Masa Israel Journey Blog

February 21, 2011
Post courtesy of Tikkun Olam Tel Aviv-Jaffa
 
This past Shabbat, three of our volunteers joined the Masa community for a Shabbaton hosted by Kibbutz Kranim in the Northern Negev. The weekend opened with a tour of two Bedouin villages in the Negev and a discussion of modern Bedouin culture, led by Bustan, a NGO that works for cooperation and social justice with Bedouin and Jewish communities in the Negev. Dor Friedman, a student at Ben Gurion University, gave an overview of the differences between recognized and unrecognized Bedouin communities, and how the larger plans for the Negev will impact these traditionally nomadic communities. The villages, recognized and unrecognized, were both faced by intense poverty and lack of services, but the group was impressed by the leadership and hope shown by the Bedouins who spoke to the Masa participants.
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December 30, 2010
 
By Adi Raz, Because We Care
 
After graduating from Santa Clara University I was faced with the challenge of figuring out what I wanted to do with the rest of my life. I had studied psychology, but was a bit wary of the counseling profession and didn’t know if it was for me. I decided that I needed a change of scene to clear my head before I made any life altering decisions. I didn’t want to just take a vacation and be lazy for a while, I wanted to do something that would give back to the community. I decided to return to my place of birth, Israel.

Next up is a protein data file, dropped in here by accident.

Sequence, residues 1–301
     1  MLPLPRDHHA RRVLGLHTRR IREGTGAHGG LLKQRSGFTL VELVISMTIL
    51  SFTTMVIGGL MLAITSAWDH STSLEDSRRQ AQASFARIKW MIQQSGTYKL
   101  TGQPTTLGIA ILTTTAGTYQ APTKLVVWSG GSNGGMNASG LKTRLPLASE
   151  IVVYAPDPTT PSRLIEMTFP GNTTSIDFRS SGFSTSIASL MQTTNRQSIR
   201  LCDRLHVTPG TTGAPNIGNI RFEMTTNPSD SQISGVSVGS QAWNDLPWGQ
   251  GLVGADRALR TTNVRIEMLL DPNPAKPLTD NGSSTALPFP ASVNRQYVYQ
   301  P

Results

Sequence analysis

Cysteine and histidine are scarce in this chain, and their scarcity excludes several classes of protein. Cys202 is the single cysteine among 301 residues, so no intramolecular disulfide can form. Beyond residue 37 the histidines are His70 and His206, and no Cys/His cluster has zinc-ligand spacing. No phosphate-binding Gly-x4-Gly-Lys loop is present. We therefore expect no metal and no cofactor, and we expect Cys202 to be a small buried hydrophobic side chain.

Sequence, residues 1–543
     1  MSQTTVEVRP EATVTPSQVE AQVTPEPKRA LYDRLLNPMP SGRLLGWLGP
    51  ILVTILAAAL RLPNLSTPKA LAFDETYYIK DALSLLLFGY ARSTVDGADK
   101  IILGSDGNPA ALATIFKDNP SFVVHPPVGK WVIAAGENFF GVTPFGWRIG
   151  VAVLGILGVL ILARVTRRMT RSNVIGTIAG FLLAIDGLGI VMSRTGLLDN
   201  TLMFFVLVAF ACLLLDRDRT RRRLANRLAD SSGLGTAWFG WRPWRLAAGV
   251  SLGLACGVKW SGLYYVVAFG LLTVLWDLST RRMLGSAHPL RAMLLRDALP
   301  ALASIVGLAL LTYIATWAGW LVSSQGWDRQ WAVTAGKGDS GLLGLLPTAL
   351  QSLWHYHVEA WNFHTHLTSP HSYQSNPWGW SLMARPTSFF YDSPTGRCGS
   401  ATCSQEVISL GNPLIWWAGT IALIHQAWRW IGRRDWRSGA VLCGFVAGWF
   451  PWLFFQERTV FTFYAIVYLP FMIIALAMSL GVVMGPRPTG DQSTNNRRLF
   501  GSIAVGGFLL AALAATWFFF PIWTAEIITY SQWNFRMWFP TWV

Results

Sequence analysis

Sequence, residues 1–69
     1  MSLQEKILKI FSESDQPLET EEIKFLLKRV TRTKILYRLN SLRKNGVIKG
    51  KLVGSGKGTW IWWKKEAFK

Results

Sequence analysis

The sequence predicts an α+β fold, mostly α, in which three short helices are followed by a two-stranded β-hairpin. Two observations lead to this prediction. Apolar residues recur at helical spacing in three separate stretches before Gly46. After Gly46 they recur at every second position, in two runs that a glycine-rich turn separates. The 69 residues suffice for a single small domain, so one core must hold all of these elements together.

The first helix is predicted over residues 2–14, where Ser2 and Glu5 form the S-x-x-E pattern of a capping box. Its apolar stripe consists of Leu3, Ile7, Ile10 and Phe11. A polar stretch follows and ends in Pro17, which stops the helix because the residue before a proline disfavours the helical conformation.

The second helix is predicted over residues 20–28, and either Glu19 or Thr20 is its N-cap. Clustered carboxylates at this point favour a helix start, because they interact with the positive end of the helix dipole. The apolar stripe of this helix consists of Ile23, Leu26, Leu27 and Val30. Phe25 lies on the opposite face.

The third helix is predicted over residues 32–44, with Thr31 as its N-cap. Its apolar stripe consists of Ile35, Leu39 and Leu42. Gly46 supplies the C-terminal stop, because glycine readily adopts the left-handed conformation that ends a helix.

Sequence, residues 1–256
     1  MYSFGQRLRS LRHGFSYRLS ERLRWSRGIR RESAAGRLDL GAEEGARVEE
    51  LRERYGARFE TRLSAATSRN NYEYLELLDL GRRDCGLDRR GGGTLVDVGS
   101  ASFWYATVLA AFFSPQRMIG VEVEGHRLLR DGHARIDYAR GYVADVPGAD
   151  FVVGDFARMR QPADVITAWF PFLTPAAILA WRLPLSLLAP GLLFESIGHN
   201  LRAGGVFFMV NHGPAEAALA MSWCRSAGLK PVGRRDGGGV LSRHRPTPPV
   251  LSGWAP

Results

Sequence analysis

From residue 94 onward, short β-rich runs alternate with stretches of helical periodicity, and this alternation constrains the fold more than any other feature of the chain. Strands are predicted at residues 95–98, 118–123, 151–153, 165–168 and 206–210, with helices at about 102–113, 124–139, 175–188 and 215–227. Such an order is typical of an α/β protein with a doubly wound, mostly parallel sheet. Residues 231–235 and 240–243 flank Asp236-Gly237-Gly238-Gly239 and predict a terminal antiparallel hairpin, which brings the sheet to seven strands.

A friend of mine turned me onto the Masa Israel website and I spent several hours reading through the myriad different programs available. When I read the description for Masa Israel’s Because We Care five-month-long...
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December 24, 2010
 
Growing up in Atlanta, Scott Berger first became involved in Judaism as a teenager through Bnai Brith Youth Organization. But, it was not until he was a freshman at Tulane University that he first traveled to Israel with Birthright.
 
“I had no idea what to expect and it was thrilling for me to be in a country filled with other people like me,” says Scott. “I knew I wanted to spend more time there.”
 
During his fourth year at Tulane, Scott decided to study in Israel. But, as an architecture student at a university that discouraged study abroad in Israel, the process was not simple. “My study abroad advisor encouraged me to take a semester off and look into university programs where other Tulane students had studied,” says Scott. “I...
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